No matter how well you can play appreciate that you'll have to slow down your playing to make the initial connections.
You could also try recording your strumming and then sing over the recording,  it might help reinforce where the changes should fall with the vocals.
« Last Edit: October 10, 2011, 10:58:07 am by Tourniquet »
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Offline Paladin117

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Re: Singing 101
« Reply #1 on: November 11, 2010, 06:00:42 am »
Unless I can sing like Chris Cornell, I don't want to sing at all. There's no point.

Offline Tourniquet

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Re: Singing 101
« Reply #2 on: November 11, 2010, 08:52:19 am »
Can't say whether you have the potential to sing like him, but if you don't try you definitely won't.
       Road Case        Singing Primer guide

Offline flyhead

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Re: Singing 101
« Reply #3 on: November 11, 2010, 11:18:19 am »
Unless I can sing like Chris Cornell, I don't want to sing at all.
Chris Cornell couldn't always sing like Chris Cornell.

Offline Asjh89

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Re: Singing 101
« Reply #4 on: November 12, 2010, 02:03:42 am »
Unless I can sing like Chris Cornell, I don't want to sing at all. There's no point.

I smell fear  8)




A few points about vocal development

When practicing melodic exercises such as:
Do Me Re Fa Me Sol Fa La Sol Ti La Do, etc.
Do Re Me, Re Me Fa, Me Fa Sol, etc.
etc.
Its a good idea to keep your voice free of vibrato, you want to use vibrato intentionally. If you can't help but use vibrato then you need more practice.

When you're warmed up proper and you've gone through a few songs you want to try to sing loudly (shouting even) keeping every note at the same volume, just to develop tone and projection. When you can project easily start adding more dynamics, this could take a few months.


A technique, not necessarily a beginner's technique, for vocal strengthening is to try holding a note as long+loud+steady as you can. Do not try this for a few weeks after starting, it can easily throw your voice out, when you can sing for 2 hours though, that would be a time you could use it. This exercise should follow your regular warm up, try singing through a song or two as well, you want to be at 100%



I have a chronic infection in my bronchial tubes, so vocals come particularly difficult for me. However by warming up with 20 minutes of sulfeges and focusing on being deliberate with my voice I've found that I can avoid most of the irritation.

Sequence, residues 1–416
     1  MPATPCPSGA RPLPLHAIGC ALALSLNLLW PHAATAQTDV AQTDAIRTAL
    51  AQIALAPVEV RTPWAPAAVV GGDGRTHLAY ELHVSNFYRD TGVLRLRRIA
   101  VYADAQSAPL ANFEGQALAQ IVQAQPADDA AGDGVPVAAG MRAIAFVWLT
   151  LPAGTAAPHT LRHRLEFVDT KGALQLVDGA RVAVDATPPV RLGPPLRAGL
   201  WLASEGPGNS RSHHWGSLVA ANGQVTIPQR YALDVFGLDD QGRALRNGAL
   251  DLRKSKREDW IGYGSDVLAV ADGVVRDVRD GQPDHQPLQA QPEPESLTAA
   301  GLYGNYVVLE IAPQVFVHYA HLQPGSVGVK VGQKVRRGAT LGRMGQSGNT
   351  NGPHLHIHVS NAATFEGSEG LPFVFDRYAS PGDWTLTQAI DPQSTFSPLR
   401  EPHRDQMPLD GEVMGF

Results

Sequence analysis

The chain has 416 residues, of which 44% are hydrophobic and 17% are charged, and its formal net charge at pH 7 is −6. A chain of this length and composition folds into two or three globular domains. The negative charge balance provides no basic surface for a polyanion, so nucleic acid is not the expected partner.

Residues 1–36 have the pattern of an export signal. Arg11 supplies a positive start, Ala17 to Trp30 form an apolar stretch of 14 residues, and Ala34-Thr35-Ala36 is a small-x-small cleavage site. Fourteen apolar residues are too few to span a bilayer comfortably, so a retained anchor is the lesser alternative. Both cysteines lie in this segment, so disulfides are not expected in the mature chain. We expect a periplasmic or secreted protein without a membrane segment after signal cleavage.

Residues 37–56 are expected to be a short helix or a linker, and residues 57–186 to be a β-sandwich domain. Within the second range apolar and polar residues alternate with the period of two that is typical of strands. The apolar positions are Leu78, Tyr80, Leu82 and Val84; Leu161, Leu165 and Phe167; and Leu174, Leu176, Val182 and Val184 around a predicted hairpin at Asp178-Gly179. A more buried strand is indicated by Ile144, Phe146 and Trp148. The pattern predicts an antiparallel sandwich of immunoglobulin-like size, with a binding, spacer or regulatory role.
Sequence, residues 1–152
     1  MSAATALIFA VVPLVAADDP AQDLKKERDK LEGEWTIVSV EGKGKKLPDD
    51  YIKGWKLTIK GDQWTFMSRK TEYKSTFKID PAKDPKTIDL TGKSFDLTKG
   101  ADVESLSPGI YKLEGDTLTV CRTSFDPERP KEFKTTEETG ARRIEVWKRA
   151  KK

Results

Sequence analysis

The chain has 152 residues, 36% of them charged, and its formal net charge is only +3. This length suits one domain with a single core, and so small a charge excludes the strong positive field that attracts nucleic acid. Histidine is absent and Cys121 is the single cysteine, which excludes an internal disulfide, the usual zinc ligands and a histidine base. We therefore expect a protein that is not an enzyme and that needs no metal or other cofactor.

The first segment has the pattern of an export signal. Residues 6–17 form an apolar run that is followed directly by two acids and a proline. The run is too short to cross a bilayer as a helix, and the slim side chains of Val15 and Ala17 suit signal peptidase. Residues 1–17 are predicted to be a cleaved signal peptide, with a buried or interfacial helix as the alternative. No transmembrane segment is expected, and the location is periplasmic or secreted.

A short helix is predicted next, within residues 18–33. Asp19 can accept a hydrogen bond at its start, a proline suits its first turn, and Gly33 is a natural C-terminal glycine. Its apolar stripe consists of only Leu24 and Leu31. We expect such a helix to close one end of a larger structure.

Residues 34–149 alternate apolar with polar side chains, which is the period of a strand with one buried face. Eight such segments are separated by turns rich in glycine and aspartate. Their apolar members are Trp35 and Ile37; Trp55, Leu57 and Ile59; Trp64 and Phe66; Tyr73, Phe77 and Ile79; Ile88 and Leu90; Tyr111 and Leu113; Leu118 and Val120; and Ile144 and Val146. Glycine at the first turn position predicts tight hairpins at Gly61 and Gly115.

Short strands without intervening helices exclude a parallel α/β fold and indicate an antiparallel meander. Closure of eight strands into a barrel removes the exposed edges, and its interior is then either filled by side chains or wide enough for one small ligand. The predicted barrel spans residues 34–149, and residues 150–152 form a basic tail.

Even with a healthy throat the vocal chords are very fragile and you must treat it well to develop (past kareoke level aye?). All that really means is starting slowly - never skipping the warm up, and focusing on the moment.
10 minutes of long tones, 10 minutes of short tones, followed by a logical progression of songs (easy - mod - hard - mod - easy)

Break the songs down, master each piece and then master it together, hit every note deliberately. Not much to it really - just focus and have fun

Offline Paladin117

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Re: Singing 101
« Reply #5 on: November 12, 2010, 02:11:11 am »
Can't say whether you have the potential to sing like him, but if you don't try you definitely won't.

I try every day.

Offline Asjh89

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Re: Singing 101
« Reply #6 on: November 12, 2010, 02:25:28 am »

I try every day.

Every day for how many years?

Chris' singing displays discipline which he could only have gained after years of practice. His voice is well developed, he has good tone, good intonation, strong projection, and tight control over vocal ornaments.
It takes years to master any craft, and though I'm not particularly a fan of his, Chris is definitely a master at his craft.

Offline Paladin117

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Re: Singing 101
« Reply #7 on: November 12, 2010, 09:21:36 pm »
Every day for how many years?

Chris' singing displays discipline which he could only have gained after years of practice. His voice is well developed, he has good tone, good intonation, strong projection, and tight control over vocal ornaments.
It takes years to master any craft, and though I'm not particularly a fan of his, Chris is definitely a master at his craft.

You think Chris Cornell sat around all day with a piano singing solfege? ahahaha